LJ Hooker offers the following good habits to help property investors navigate tax time. Which of these points are most relevant to you?
Article reproduced with permission of LJ Hooker. LJ Hooker is one of the largest residential and commercial sales and property management organisations in the industry with more than 8,000 sales professionals, property managers and support team members in 730 franchised offices.
1. Declare all income
Any income you receive when you rent out your property must be declared on your tax return.
2. Keep proof of all expenses
Any time you spend money on your investment property, you should keep proof of expenditure, such as a receipt.
3. Track when you use your rental for private use
If you, your family or friends stay in your rental property for free or a reduced rate, this will affect the expenses you can claim for that period.
4. Only claim interest expenses on the part of your loan that relates to your rental property
You can claim interest charged on a loan relating to your rental property. However, if you use part of that loan for private purposes, such as to buy a new family car, you can’t claim interest on that part of the loan.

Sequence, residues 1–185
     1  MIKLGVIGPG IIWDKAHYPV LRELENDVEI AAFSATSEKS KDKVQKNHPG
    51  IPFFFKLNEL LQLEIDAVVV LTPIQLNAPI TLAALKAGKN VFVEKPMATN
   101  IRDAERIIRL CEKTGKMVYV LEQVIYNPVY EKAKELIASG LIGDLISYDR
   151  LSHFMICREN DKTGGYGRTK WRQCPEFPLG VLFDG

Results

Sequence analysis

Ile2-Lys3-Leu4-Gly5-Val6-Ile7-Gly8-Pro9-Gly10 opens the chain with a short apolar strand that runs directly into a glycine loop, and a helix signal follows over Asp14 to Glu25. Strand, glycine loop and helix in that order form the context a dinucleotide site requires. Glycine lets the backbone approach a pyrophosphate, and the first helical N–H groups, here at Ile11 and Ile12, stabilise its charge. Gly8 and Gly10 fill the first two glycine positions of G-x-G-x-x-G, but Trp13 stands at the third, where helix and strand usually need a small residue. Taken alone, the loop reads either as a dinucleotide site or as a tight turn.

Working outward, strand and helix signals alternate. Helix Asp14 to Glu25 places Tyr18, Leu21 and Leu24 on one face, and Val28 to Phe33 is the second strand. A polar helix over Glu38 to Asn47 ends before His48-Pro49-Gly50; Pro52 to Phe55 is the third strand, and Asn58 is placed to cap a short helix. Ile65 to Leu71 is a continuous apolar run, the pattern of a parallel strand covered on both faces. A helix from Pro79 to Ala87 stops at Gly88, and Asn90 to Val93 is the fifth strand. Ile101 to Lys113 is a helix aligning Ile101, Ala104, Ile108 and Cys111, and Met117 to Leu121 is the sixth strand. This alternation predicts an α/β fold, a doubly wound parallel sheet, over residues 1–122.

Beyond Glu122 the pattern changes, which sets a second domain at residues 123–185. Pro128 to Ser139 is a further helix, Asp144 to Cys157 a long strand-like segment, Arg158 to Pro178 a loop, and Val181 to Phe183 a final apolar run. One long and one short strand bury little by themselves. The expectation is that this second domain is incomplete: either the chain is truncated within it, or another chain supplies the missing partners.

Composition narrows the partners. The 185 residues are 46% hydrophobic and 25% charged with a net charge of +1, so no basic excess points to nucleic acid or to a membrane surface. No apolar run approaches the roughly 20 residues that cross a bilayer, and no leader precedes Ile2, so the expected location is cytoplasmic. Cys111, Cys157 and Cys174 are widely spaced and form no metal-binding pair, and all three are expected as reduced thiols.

5. Claim improvements or initial repairs as capital works
Improvements such as renovating the bathroom or initial repairs for damage that existed when you purchased the property must be claimed as capital works expenses and spread over a number of years, not claimed as an outright deduction.
6. Correctly divide income and expenses of co-owned properties
If you share ownership of your rental property with another, you’ll need to divide the income and expenses according to your legal interest in the property.
7. Increase your knowledge
The ATO website contains a wide range of useful information, including an in-depth guide to rental properties along with real-life case studies. for further information visit www.ato.gov.au/rental.
Here is a handy infographic to help ensure you are doing all seven.